With their Washington overlords breathing down their necks, GM executives are pushing Opel for a definitive agreement to close Opel’s Bochum plant. According to the Wall Street Journal, GM “would like to be able to announce the plan before or along with its third-quarter earnings, which are expected to be disclosed Oct. 31.”
For all the rhetoric being passed back and forth between the OEMs and the CAW in this round of contract negotiations, the overwhelming feeling from our commenters is that there will be no strike, compromise will be had, and somehow, both sides will play it off as a victory. The latest bulletin from the CAW seems to support that notion.
With the CAW’s strike deadline looming, Chrysler CEO Sergio Marchionne is taking a harder line in the media, pushing his vision of a profit-sharing agreement between Chrysler and the CAW, while boldly stating what everyone knows, but is afraid to say; auto makers have “other options” when it comes to building cars.
People in Europe had a lot of time to think about their troubled future during their long vacation. Coming back to work, they are “ready to shut plants and lay off staff,” as Reuters observes. Executives and union leaders are said to be in rare agreement over who to emulate: Obama, the UAW, and Detroit. Europeans want their bailout too. Some do, at least. (Read More…)
New panic at GM’s European Opel dependence: Opel needs to shed 30 percent of its workers. This is the supposed target of a “secret strategy” that has been agreed between Opel and GM, says BILD, Europe’s largest circulation newspaper under the headline “One out of three jobs imperiled!”
Based on an anonymous inside source, BILD writes about a three-step phased plan: (Read More…)
GM’s troubled German daughterwill close its main factory in Rüsselsheim and its component plant in Kaiserslautern for a total of four weeks in response to a drop in demand for cars in Europe. (Read More…)
GM’s Opel unit is faced with dwindling demand and wants to shorten workers’ hours at its Rüsselsheim plant, media from Reuters to Germany’s Manager Magazin report. Rüsselsheim makes the Opel Insignia, and for that, the rapidly deteriorating southern European markets are especially important, an Opel spokesman said. A shortened work week at Opel’s engine plant in Kaiserslautern is also being negotiated, the Frankfurter Allgemeine Zeitung says. However, this is Germany, and it is not as easy as is sounds. (Read More…)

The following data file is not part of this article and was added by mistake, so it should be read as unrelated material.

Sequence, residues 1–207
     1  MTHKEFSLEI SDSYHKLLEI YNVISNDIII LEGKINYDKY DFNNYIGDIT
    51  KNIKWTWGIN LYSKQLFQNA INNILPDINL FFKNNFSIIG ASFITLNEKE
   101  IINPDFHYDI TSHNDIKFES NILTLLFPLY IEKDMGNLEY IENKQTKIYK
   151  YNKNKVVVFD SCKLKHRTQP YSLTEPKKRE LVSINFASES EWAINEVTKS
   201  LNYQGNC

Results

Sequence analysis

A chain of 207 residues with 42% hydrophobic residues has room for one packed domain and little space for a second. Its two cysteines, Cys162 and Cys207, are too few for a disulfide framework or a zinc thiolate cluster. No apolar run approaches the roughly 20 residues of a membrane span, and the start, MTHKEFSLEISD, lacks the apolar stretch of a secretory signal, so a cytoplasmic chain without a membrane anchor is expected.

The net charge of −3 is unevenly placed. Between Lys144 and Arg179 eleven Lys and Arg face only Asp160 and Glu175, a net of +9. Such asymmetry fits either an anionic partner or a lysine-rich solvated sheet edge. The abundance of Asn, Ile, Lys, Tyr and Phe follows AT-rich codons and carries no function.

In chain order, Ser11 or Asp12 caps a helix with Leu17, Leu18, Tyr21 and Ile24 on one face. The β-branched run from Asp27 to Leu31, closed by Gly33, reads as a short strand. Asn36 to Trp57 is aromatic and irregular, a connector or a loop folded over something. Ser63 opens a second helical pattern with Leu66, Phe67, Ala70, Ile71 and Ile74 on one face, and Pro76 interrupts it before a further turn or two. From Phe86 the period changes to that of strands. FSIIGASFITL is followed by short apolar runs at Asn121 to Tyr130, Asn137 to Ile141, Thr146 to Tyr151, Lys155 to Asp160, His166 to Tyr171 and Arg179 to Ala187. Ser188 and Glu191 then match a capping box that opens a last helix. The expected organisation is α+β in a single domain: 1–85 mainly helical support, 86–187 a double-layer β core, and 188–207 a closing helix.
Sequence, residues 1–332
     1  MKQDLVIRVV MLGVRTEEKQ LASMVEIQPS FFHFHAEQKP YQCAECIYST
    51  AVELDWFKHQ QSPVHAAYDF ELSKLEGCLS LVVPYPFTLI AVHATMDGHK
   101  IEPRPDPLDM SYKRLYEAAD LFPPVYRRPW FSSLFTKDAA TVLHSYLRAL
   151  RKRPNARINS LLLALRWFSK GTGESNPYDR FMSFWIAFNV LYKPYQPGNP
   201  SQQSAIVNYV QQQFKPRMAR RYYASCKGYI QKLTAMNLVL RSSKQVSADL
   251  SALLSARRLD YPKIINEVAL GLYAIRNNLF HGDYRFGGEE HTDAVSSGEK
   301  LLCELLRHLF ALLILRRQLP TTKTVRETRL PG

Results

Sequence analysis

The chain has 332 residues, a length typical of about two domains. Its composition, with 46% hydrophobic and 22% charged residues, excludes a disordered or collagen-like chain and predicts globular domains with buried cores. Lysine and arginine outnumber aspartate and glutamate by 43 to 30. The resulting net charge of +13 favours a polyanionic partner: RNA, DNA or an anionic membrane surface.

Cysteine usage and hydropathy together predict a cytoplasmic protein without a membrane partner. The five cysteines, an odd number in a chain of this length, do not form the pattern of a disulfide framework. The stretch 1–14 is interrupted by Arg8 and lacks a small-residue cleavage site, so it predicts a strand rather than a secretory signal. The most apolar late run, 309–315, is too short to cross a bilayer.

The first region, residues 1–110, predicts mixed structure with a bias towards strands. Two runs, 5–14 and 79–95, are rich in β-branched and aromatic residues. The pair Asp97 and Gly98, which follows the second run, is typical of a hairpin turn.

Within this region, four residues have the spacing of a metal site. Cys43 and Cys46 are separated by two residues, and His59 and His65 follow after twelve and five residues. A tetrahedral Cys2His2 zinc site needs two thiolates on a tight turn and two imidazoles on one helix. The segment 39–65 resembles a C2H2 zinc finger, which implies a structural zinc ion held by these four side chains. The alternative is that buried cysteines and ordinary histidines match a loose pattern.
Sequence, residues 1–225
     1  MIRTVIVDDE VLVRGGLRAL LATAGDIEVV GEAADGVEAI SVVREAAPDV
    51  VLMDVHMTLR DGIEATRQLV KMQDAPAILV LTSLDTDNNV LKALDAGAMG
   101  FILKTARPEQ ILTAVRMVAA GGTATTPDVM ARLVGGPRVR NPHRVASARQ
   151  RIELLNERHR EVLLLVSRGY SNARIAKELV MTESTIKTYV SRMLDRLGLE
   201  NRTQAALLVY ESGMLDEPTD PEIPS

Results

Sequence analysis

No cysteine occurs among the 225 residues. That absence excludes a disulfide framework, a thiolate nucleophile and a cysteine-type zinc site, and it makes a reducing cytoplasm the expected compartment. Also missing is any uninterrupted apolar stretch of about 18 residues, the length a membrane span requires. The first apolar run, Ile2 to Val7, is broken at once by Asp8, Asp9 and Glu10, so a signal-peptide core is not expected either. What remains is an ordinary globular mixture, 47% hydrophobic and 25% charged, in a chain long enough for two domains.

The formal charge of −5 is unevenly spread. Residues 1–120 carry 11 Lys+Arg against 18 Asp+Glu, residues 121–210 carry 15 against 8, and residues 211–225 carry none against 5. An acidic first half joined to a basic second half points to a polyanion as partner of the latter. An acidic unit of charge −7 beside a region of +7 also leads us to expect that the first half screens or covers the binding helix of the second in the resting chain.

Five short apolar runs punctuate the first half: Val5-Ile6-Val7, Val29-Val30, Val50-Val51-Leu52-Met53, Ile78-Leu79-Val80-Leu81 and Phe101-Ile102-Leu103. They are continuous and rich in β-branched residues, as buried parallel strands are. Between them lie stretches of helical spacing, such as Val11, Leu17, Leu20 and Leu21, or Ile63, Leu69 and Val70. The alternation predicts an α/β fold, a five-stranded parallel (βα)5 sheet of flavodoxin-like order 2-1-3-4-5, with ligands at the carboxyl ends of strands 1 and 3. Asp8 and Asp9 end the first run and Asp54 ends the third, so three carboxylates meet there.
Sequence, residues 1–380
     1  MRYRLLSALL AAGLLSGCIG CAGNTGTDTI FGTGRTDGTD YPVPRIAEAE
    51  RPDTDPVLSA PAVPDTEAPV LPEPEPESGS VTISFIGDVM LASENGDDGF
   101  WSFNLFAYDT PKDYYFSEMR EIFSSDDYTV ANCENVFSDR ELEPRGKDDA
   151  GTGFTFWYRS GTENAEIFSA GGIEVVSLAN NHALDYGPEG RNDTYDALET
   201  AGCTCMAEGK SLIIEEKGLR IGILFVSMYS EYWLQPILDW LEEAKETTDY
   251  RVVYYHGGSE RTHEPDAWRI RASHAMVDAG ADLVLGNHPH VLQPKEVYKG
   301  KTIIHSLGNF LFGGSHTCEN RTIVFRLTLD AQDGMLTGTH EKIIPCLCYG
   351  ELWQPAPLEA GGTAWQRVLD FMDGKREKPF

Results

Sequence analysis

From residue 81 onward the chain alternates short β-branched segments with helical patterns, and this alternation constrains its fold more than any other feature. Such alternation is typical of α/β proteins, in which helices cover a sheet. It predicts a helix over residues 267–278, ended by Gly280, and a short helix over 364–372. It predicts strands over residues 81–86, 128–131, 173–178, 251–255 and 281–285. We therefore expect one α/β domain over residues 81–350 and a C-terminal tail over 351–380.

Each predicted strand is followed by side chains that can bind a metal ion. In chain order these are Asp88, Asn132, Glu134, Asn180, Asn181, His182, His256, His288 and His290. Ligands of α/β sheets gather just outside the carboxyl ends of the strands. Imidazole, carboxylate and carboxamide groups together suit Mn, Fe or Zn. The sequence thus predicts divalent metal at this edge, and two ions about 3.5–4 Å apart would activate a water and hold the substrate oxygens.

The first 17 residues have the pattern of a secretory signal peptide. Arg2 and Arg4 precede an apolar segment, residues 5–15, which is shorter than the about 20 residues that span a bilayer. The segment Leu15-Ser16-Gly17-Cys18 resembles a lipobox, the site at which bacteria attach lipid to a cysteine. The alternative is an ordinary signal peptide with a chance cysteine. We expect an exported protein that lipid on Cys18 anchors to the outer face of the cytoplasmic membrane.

GM Korea reached a tentative wage agreement with its union, Reuters says. Workers receive a little more money, and a major concession that could have far-reaching consequences for GM’s recovery if it sets a precedence in the rest of GM’s world. (Read More…)
GM has shut down all of its eight Brazilian production units near Sao Paulo “to protect the physical integrity of its workers,” the Washington Post says. It appears to be an euphemism that refers to union violence. Reuters has it slightly different and says that production has been shut down “for the day at one of its factories” in order to “not expose workers to possible incitement and provocation.” (Read More…)
Brazilians are unhappy with GM. GM is cutting capacity and jobs at a Brazilian plant. This made the Brazilian government unhappy, because it had cut taxes on domestically made cars, in exchange for manufacturers maintaining the size of their workforce. It also made unions unhappy. They voiced their displeasure on Monday by going on strike, Reuters says. (Read More…)